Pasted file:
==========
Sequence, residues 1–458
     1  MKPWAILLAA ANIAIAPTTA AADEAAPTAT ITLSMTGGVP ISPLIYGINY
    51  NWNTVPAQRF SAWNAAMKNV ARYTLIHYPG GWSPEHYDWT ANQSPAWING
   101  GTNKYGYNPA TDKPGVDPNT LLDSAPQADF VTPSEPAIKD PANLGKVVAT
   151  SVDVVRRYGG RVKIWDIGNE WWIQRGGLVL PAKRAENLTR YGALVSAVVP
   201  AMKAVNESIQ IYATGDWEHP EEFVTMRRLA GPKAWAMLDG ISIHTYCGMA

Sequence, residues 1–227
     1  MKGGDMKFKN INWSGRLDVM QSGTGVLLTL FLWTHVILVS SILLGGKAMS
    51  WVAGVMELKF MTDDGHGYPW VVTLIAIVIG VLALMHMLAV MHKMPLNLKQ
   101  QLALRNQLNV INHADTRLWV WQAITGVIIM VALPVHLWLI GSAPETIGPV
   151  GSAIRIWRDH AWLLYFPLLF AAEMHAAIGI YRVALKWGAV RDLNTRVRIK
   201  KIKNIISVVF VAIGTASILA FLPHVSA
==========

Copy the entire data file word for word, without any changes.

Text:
Sequence, residues 1–458
     1  MKPWAILLAA ANIAIAPTTA AADEAAPTAT ITLSMTGGVP ISPLIYGINY
    51  NWNTVPAQRF SAWNAAMKNV ARYTLIHYPG GWSPEHYDWT ANQSPAWING
   101  GTNKYGYNPA TDKPGVDPNT LLDSAPQADF VTPSEPAIKD PANLGKVVAT
   151  SVDVVRRYGG RVKIWDIGNE WWIQRGGLVL PAKRAENLTR YGALVSAVVP
   201  AMKAVNESIQ IYATGDWEHP EEFVTMRRLA GPKAWAMLDG ISIHTYCGMA

Sequence, residues 1–227
     1  MKGGDMKFKN INWSGRLDVM QSGTGVLLTL FLWTHVILVS SILLGGKAMS
    51  WVAGVMELKF MTDDGHGYPW VVTLIAIVIG VLALMHMLAV MHKMPLNLKQ
   101  QLALRNQLNV INHADTRLWV WQAITGVIIM VALPVHLWLI GSAPETIGPV
   151  GSAIRIWRDH AWLLYFPLLF AAEMHAAIGI YRVALKWGAV RDLNTRVRIK
   201  KIKNIISVVF VAIGTASILA FLPHVSA